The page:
“But Esaias is very bold, and saith, I was found of them that sought me not; I was made manifest unto them that asked not after me. But to Israel he saith, All day long I have stretched forth my hands unto a disobedient and gainsaying people.” Romans 10:20,21
Suggested Further Reading: Matthew 26:20-25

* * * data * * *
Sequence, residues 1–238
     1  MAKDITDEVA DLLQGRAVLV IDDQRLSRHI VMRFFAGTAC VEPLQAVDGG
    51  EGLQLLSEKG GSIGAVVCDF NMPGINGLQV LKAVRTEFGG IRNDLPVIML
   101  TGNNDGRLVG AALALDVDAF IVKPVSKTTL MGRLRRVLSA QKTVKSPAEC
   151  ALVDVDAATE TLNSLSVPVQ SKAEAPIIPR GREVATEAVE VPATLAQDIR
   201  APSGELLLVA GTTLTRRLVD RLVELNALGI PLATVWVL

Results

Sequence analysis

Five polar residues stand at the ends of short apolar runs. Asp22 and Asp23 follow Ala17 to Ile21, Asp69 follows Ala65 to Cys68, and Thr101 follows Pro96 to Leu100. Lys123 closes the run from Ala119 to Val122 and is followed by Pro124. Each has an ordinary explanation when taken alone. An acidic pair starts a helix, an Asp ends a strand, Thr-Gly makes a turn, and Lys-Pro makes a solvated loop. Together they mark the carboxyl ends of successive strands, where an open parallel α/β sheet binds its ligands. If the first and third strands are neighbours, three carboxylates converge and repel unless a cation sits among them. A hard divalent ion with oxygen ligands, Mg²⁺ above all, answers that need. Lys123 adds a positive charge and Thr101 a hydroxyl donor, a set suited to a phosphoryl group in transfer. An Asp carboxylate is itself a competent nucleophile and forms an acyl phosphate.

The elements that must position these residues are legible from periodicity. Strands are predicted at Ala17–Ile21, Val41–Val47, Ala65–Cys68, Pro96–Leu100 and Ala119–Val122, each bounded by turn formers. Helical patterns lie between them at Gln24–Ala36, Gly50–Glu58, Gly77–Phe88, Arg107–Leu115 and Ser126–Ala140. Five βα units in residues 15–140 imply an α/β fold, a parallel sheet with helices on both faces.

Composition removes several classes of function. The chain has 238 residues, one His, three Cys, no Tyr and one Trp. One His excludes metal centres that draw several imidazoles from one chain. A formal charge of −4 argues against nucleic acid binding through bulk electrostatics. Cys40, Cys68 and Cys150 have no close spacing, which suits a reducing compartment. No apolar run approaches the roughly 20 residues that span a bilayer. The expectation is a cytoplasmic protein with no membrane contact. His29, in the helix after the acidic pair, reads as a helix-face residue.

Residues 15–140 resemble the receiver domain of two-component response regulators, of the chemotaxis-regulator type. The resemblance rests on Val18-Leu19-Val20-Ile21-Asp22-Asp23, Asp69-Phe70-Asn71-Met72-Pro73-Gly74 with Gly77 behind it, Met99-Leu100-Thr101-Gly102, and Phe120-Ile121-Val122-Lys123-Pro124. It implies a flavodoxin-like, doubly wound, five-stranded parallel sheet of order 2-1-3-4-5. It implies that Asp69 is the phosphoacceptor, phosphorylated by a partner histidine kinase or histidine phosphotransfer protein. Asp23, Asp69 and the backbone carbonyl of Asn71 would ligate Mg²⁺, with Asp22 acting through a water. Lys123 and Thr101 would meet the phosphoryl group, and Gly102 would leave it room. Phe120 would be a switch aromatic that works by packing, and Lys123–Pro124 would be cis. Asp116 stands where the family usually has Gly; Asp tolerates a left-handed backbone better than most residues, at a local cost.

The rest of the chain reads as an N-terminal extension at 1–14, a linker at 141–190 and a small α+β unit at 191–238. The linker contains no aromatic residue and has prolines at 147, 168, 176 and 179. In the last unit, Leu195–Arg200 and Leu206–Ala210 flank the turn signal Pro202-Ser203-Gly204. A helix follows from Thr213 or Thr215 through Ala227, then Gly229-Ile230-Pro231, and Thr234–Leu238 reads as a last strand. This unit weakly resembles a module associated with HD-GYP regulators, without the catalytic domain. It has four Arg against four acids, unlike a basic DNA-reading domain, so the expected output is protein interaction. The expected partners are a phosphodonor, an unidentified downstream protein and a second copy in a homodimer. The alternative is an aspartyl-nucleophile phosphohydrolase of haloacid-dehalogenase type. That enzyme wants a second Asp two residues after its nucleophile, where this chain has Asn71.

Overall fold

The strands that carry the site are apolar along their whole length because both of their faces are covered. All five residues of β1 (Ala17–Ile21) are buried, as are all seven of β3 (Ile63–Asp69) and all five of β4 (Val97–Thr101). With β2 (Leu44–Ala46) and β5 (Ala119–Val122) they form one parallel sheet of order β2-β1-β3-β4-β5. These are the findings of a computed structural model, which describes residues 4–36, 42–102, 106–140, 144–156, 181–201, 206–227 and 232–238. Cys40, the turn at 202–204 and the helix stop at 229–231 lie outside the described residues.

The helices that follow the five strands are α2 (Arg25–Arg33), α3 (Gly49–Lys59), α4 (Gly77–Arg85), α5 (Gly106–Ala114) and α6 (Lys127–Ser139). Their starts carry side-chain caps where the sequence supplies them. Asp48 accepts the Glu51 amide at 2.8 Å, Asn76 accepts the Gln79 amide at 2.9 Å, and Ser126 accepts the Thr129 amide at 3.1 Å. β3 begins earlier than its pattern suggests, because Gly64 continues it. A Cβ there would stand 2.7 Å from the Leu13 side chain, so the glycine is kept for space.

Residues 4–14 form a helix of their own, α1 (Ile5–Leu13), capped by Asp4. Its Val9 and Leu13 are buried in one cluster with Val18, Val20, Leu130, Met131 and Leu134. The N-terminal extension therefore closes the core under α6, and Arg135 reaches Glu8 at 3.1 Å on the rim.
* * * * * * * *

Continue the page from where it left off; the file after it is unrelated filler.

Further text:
I see in one place, God presiding over all in providence; and yet I see, and I cannot help seeing, that man acts as he pleases, and that God has left his actions to his own will, in a great measure. Now, if I were to declare that man was so free to act, that there was no control of God over his actions, I should be driven very near to atheism; and if, on the other hand, I declare that God so overrules all things, as that man is not free enough to be responsible, I am driven at once into Antinomianism or fatalism. That God predestines, and that man is responsible, are two things that few can see. They are believed to be inconsistent and contradictory; but they are not. It is just the fault of our weak judgment. Two truths cannot be contradictory to each other. If, then, I find taught in one place that everything is fore-ordained, that is true; and if I find in another place that man is responsible for all his actions, that is true; and it is my folly that leads me to imagine that two truths can ever contradict each other. These two truths, I do not believe, can ever be welded into one upon any human anvil, but one they shall be in eternity: they are two lines that are so nearly parallel, that the mind that shall pursue them farthest, will never discover that they converge; but they do converge, and they will meet somewhere in eternity, close to the throne of God, whence all truth springs.